RamsTrust meets Stuart Webb – Part 1

RamsTrust meets Stuart Webb – Part 1

“You build the club, not the team.” That was the message that clearly came through when RamsTrust spoke to Stuart Webb, RamsTrust External Director, from his Marbella home on a January weekend.

“If the foundations are there, it will help build to get the club back on the road and get promotion again. It’s all about people and building relationships between owners and managers. Gary Neville and Salford have had more managers than hot dinners in recent years and you can’t do that. Make the right choice of manager then stick with them. You have got to take the rough with the smooth and not make a knee jerk reaction.”

Drama at the High Court

Stuart Webb is best known for his loyal service to Derby County between 1970-2003 as secretary, chief executive, director and chairman. Out of his many achievements for the Rams, his biggest was dramatically rescuing the club from going out of business in 1984. However, it is not common knowledge that for a period of time, Stuart was owner of Derby County.

“It became apparent that there had to be one voice in the vital time we had to find a way out. The Board agreed that I should be the sole owner and they handed over their shares to me. This meant that I could operate without having to attend lengthy Board meetings with advisors and legal representatives stating the obvious. Doom and gloom was not the order of the day! Of course, I kept my Board colleagues up to date, but this meant that I could get on with the urgent business in hand. That’s the only way it would work and the more I got into it, the more I realised it was the right decision because I could talk with one voice. The club had stability for 9 months with me as owner – 3 months before going to High Court, then 6 months before Maxwell came in”.

In his 2016 book Clough, Maxwell & Me, Stuart writes how Derby County owed the Inland Revenue £127,000 which had to be paid at the High Court in London by 11am on Monday 2 April. Stuart can clearly recall the events at the bank on the Strand that morning.

“It was a massive day, I couldn’t believe it after all the hard work and drama. The Branch Manager I had arranged to meet had gone missing. He had probably popped out for coffee or a cigarette. There I was with 20 minutes to get the bank draft to the High Court. Fortunately, he appeared and presented me with the vital cheque. Then I had 20 minutes to get it to the High Court next door where I met Arthur Willis, one of the most respected solicitors in Derbyshire, who was a top guy”.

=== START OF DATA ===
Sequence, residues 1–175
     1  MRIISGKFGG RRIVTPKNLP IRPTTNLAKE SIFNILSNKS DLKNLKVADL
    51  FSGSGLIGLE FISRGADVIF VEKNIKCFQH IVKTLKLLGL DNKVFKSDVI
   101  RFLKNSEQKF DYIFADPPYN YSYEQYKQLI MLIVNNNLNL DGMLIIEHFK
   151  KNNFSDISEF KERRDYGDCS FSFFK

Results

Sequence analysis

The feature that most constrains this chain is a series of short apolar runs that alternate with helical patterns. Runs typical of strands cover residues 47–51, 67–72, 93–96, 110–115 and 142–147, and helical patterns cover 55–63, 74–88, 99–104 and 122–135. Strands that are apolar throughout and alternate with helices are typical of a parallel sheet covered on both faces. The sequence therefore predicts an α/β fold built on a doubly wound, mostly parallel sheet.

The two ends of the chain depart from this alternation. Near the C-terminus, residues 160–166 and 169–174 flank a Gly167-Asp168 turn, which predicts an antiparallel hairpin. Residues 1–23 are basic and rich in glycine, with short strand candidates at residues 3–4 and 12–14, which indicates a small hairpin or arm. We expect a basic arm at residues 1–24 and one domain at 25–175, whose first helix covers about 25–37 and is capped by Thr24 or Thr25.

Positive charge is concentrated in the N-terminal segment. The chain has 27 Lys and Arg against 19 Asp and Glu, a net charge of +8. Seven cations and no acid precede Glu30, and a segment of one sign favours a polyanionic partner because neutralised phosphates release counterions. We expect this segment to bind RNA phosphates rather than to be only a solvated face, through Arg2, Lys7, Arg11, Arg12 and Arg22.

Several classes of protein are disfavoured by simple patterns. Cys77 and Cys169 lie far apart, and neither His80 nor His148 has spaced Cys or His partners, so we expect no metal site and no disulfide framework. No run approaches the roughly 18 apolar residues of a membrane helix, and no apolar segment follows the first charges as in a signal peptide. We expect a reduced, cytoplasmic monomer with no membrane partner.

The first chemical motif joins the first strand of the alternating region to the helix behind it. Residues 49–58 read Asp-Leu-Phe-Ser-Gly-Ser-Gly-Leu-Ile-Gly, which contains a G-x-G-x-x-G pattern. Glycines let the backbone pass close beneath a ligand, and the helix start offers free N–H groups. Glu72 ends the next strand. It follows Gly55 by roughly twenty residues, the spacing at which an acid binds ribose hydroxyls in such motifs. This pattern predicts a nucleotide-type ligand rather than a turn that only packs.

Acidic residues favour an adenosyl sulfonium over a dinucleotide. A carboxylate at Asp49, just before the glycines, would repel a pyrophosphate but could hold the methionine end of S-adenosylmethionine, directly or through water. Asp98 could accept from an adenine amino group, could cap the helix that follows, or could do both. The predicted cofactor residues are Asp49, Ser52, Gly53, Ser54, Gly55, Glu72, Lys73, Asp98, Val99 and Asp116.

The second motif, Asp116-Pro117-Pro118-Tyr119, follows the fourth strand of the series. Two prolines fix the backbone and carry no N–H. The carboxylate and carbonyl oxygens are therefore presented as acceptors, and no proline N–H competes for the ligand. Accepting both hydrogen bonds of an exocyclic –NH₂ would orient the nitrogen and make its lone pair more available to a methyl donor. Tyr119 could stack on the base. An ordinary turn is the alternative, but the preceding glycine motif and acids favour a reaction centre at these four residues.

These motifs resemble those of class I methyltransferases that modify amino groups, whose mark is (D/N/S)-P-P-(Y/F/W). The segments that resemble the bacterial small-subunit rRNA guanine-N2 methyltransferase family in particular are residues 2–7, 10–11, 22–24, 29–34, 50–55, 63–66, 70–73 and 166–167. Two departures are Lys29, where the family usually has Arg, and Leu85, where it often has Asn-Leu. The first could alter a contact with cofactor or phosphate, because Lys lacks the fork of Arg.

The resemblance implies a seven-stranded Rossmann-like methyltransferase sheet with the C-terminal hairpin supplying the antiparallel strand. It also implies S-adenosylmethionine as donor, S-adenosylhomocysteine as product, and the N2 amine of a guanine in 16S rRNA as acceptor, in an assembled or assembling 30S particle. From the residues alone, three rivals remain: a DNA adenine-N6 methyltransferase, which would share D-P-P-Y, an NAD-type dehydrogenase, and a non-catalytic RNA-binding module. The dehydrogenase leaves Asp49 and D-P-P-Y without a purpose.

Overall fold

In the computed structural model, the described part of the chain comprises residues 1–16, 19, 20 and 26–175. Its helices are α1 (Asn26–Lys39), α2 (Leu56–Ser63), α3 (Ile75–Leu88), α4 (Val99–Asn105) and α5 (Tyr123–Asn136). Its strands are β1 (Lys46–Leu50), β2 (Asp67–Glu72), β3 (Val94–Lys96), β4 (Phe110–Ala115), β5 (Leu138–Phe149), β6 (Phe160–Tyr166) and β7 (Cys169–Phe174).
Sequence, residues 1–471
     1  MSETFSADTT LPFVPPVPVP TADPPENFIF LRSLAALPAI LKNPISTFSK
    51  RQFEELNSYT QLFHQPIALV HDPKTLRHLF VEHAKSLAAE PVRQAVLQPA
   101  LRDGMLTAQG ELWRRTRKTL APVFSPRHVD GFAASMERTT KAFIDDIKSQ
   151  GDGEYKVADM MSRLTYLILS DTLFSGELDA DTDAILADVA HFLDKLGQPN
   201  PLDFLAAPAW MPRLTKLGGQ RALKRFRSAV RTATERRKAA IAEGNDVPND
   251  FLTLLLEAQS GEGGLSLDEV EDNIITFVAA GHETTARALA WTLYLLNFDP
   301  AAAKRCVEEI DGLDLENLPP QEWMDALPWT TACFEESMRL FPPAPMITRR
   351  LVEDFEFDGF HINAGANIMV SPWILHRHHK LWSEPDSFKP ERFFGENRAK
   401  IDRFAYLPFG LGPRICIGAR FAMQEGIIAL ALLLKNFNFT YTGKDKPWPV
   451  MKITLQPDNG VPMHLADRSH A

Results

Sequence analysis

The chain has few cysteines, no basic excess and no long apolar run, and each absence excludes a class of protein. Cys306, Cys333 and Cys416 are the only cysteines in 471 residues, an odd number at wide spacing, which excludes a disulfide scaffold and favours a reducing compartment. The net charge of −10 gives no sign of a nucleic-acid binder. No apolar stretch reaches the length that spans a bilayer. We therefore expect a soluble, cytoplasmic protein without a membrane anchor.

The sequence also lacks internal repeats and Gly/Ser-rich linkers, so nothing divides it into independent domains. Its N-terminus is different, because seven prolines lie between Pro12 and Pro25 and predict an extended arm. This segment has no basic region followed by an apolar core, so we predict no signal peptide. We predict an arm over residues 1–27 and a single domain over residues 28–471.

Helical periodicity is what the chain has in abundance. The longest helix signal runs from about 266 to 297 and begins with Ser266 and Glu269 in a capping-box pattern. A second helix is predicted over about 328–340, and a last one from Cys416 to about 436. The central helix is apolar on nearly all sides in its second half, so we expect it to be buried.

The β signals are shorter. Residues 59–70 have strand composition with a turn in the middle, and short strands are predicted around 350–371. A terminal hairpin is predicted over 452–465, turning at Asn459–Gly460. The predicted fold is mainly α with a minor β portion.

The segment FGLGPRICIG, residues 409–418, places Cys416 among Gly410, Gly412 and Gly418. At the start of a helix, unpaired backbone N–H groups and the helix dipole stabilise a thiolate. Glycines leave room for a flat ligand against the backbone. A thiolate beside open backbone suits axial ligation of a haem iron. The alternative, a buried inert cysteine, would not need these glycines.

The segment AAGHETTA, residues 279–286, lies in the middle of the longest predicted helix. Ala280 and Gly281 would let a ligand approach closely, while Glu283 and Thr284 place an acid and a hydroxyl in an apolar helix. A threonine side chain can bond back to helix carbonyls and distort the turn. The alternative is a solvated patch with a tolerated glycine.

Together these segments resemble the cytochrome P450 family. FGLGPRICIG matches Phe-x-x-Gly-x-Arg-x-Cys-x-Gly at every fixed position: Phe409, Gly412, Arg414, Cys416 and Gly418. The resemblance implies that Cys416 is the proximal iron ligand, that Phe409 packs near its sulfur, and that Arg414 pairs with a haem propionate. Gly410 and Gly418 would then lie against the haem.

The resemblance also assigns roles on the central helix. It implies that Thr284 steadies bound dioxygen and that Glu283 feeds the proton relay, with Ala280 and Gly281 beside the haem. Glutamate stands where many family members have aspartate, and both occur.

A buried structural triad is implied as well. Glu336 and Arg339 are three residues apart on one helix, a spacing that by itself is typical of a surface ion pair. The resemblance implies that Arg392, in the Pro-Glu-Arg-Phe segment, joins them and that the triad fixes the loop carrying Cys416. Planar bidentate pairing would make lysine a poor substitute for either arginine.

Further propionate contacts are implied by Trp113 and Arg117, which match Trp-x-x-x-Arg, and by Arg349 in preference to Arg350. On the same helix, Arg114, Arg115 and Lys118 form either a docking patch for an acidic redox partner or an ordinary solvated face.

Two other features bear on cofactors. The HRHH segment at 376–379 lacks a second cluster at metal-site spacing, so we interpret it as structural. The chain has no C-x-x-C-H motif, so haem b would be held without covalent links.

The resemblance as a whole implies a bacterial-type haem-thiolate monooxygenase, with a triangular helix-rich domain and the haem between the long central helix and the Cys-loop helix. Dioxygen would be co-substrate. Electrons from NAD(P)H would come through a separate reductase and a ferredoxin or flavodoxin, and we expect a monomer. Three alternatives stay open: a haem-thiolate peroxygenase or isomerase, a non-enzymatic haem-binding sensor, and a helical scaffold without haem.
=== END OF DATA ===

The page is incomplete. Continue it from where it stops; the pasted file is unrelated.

Stuart sprinted out of the bank with the draft to the High Court toilets where he squeezed into a cubicle with Arthur Willis and two lawyers to make the final settlement to the Inland Revenue.

“There were a few Derby fans in the gallery. Everyone was stunned, we could see it playing out on front of our eyes in slow motion. When the judge said: ‘case dismissed, I hope we don’t see Derby County here again Mr Webb’ there were huge sighs of relief. One or two fans were clapping. In that period in court, it was all very tense but respectful. After, we went to the famous Wig and Pen pub right across from the High Court, where it started to sink in. Then the Press started to arrive”.

Stuart had saved the club in its centenary year. Arthur Willis in Clough, Maxwell & Me perfectly sums up the role Stuart had played in keeping Derby County Football Club alive: “But for Stuart’s determination and dedication to carry on the fight, it was inevitable that Derby County would have been kicked out of professional football. Not many people realise just how close the club were to extinction.”

Independent regulator

Derby County and its fans are well aware of the sanctions for breaking Profit and Sustainability Rules (PSR) – formerly Financial Fair Play (FFP) – from bitter experience. In mid-January, Nottingham Forest became the latest club to be charged for breaching PSR after spending £250 million on new players following promotion to the Premier League in 2022. In The King’s Speech in November 2023, it was announced that a Football Governance Bill will introduce a regulator to safeguard the future of football clubs for the benefit of communities and fans, and to prevent clubs going out of business. Stuart is an advocate for an independent regulator in football.